Interview questions by editor of Twisted Tales, Annie Evett. Read original blog and other writers’ interviews here Twisted Tales will be available from Amazon from 11th October.
The Title of your Flash.
A Gibbous Moon
What was your initial motivation or prompt to write this story?
I was inspired by a visit to the Museum of Witchcraft in Boscastle, Cornwall. It’s the second story inspired by the visit to the museum so it was a very fruitful afternoon!
Is the character in your story a reoccurring character in your writing?
No, not yet at least. It’s my first attempt at writing about teenagers and although I’m not a parent, my friends who are parents of teenagers tell me I’ve captured adolescent grumpiness well.
What sort of message or feeling are you hoping you leave your audience with?
It’s a slightly tongue-in-cheek story with some magic realism elements but there is an underlying seriousness about how we treat people who are different from the norm. It’s also about the onset of menstruation which, however liberal we like to think we are, remains a taboo subject.
What sort of stories do you normally write? (Is this story a break from your norm?)
The characters are new for me in that I usually write about adults. There is almost always a brush with the supernatural in my stories so in that sense this piece is in keeping with other writing.
Why is that?
Because I also write non-fiction, longer fiction and poetry, I dislike pigeon-holing myself. I have always been fascinated by the idea of an afterlife, or a life beyond this one so the supernatural has always had a strong pull. This has resulted in magic realism being the most reoccurring element in my work.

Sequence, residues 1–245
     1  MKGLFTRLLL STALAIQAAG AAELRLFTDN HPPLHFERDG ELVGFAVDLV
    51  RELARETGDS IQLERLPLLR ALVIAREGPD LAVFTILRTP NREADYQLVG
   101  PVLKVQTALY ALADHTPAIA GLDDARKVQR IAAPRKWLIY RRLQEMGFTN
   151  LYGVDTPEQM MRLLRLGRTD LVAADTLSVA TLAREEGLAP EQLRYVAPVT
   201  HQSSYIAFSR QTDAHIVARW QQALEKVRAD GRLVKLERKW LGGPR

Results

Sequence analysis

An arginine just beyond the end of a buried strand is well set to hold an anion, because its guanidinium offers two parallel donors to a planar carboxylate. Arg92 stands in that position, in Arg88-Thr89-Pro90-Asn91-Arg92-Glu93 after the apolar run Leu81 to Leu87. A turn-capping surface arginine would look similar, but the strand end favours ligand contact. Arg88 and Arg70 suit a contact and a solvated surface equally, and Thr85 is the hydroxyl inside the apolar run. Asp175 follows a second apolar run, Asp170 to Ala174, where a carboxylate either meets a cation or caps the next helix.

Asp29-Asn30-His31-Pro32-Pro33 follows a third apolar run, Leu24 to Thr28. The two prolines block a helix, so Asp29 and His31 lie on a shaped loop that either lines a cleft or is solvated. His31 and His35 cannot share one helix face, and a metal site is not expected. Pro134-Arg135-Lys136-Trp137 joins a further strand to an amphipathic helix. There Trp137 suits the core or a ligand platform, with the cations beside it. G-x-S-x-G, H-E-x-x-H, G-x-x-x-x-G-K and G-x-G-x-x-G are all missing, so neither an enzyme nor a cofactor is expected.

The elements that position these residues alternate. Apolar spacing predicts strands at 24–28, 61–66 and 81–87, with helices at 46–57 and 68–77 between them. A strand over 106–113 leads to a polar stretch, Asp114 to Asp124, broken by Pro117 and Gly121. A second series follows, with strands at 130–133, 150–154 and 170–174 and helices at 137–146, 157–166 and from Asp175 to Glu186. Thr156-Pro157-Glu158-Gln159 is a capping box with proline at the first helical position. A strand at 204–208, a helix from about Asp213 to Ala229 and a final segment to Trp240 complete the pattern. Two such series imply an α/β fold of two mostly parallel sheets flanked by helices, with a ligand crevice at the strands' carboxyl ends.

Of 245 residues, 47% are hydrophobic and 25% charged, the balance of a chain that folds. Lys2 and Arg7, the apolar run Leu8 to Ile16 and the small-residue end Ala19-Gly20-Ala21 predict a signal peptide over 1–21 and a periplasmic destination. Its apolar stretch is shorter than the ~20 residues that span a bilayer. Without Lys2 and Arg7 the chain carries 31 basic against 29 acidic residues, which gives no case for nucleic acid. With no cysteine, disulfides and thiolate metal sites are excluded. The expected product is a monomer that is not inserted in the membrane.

What projects or new story lines do you have coming up in the near future?
I’m planning to take part in NaNoWrimo, 2014 after having a break from it in 2013. I’m researching the characters, settings and plot right now. I did a wonderful workshop recently with New Zealand writer, Trish Nicholson about creating deep character. Two characters came out of that which I want to use in NaNoWrimo.
Do you enter many competitions for flash fiction?
I’ve entered a few and had some successes here and there. I was shortlisted in the Fish Publishing flash competition and have been featured on National Flash Flood Fiction Day and 1000 words.
Are you a member of a writing group – either online or a physical one?
Both! I’m a member of Writers Abroad which is an online writers’ group aimed at expats. We bring out an anthology every year and this year have launched a magazine. It’s possible to post work-in-progress on the site for critiquing or write to a prompt from our Monday Muse forum. I’m also a member of a small but very committed face-to-face group here in Amsterdam.
Do you think these groups help or hinder a writers journey? Why?
I think they help immensely. Writing is a lonely profession and it’s great to get informed and reliable critiquing. Ideas for stories often arise through interacting with other writers; whether it’s through writing prompts, workshops or competition deadlines. This helps me stop procrastinating and makes me sit down and write!
What encouragement or advice do you have for emerging writers of flash fiction?
Read plenty of flash fiction and don’t be afraid to innovate and experiment. Flash fiction is a literary form that’s still developing. When you’ve finished a piece go back through it and get rid of superfluous words. A lot of adjectives and adverbs can be shed and often the story improves this way. Less or fewer, is definitely more!
How can others follow your journey?
Here at my blog!
Twisted Tales by RagingAardvark publishing, coming out 11th Oct. Click on cover for more info.